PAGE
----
Second malignancies after radiation treatment and chemotherapy for primary cancers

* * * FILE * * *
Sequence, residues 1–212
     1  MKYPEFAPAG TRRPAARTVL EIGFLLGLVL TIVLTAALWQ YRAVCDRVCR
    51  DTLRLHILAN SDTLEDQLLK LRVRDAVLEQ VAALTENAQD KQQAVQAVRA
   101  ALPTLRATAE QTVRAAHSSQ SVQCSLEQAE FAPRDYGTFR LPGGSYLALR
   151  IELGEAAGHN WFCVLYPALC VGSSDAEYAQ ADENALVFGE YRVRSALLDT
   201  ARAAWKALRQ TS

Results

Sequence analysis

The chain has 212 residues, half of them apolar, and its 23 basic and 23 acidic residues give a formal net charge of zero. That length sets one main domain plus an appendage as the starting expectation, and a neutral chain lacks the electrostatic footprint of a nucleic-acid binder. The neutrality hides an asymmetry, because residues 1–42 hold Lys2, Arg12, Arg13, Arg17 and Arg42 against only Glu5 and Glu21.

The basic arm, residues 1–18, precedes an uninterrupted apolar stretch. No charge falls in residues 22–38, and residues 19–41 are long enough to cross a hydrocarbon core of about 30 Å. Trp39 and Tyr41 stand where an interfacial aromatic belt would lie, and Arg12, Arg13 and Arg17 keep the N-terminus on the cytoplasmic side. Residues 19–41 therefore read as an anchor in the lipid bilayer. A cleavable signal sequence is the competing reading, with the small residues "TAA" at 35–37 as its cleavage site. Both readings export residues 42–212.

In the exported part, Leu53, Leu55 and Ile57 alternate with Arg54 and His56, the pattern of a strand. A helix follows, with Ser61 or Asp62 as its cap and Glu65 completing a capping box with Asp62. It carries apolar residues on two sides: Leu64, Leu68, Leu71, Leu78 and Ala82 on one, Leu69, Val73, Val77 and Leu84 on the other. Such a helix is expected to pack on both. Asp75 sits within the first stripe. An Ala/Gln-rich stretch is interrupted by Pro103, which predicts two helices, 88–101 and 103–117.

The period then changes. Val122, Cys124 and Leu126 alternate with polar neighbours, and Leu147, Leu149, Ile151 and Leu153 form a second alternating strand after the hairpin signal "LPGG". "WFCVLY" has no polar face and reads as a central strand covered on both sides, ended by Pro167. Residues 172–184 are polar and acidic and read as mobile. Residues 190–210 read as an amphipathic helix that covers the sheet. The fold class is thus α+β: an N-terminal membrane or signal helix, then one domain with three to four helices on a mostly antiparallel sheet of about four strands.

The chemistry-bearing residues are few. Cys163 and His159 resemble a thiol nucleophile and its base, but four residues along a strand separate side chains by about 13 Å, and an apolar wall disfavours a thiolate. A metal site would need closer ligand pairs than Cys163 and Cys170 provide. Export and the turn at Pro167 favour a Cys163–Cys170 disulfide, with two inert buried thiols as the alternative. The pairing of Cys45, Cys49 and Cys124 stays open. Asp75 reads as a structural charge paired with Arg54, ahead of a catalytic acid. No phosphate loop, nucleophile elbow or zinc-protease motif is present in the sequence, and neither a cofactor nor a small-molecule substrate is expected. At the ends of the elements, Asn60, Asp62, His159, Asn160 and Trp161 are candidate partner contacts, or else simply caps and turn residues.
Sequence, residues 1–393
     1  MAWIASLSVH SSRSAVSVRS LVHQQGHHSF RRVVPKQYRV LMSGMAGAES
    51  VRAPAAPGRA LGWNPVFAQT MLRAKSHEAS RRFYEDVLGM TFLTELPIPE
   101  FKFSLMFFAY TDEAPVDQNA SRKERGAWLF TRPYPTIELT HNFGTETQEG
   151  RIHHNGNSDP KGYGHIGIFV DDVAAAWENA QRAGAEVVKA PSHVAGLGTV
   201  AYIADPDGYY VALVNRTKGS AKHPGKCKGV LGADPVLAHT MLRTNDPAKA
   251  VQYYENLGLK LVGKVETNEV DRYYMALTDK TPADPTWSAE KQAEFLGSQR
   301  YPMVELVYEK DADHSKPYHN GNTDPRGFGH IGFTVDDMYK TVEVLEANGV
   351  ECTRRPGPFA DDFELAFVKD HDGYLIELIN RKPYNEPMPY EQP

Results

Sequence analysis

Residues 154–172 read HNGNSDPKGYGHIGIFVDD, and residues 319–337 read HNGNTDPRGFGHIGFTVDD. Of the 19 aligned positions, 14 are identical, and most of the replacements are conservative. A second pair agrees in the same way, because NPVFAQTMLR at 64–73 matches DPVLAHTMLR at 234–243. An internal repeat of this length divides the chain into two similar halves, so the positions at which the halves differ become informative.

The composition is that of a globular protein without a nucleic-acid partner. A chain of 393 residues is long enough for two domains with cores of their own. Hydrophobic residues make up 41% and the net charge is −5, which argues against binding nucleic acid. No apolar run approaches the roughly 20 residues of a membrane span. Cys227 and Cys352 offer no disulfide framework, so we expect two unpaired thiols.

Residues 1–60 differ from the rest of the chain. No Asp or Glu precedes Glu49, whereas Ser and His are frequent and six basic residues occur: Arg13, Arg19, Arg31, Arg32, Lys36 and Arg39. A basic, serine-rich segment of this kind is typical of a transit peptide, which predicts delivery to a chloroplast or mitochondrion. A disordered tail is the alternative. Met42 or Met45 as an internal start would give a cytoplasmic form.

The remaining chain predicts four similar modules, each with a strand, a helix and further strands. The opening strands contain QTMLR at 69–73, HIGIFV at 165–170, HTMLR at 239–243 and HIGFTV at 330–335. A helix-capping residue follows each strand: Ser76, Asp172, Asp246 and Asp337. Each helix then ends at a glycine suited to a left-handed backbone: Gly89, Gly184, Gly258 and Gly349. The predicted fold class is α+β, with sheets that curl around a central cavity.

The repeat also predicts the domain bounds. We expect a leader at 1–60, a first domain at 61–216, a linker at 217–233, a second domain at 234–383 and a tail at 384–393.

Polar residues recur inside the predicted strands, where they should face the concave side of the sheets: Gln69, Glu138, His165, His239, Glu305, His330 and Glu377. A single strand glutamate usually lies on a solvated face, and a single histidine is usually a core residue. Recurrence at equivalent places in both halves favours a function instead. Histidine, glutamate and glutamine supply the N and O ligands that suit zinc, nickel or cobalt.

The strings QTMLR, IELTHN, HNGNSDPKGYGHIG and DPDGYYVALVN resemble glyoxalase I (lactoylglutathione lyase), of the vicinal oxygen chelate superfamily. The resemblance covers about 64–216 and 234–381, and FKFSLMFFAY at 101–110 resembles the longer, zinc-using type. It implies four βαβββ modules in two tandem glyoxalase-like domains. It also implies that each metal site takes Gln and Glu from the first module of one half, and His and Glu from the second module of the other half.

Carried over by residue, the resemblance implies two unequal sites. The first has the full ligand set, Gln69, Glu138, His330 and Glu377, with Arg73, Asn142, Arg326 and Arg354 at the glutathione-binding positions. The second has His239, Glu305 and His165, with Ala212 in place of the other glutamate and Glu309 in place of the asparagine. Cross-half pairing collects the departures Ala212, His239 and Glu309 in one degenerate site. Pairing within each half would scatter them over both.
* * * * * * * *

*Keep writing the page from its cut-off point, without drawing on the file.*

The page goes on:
Cancer survivors have been shown to have an increased risk for second malignant neoplasms (SMN). These increased risks result from genetic predisposition, harmful environmental exposures, or cancer treatment therapies. Regardless of their cause, SMNs now comprise the sixth most common group of malignancies after skin, prostate, breast, lung, and colorectal cancers.1 It is important to emphasize that the fear of SMN related to the treatment of the first cancer diagnosis should not outweigh the positive effects of curative therapy for the first cancer. Both physicians and patients should, however, be aware of the consequences of the cancer treatment regimens, specifically radiation therapy (RT) and chemotherapy, and consider them while devising follow-up plans. © 2006 Springer Science+Business Media, Inc.
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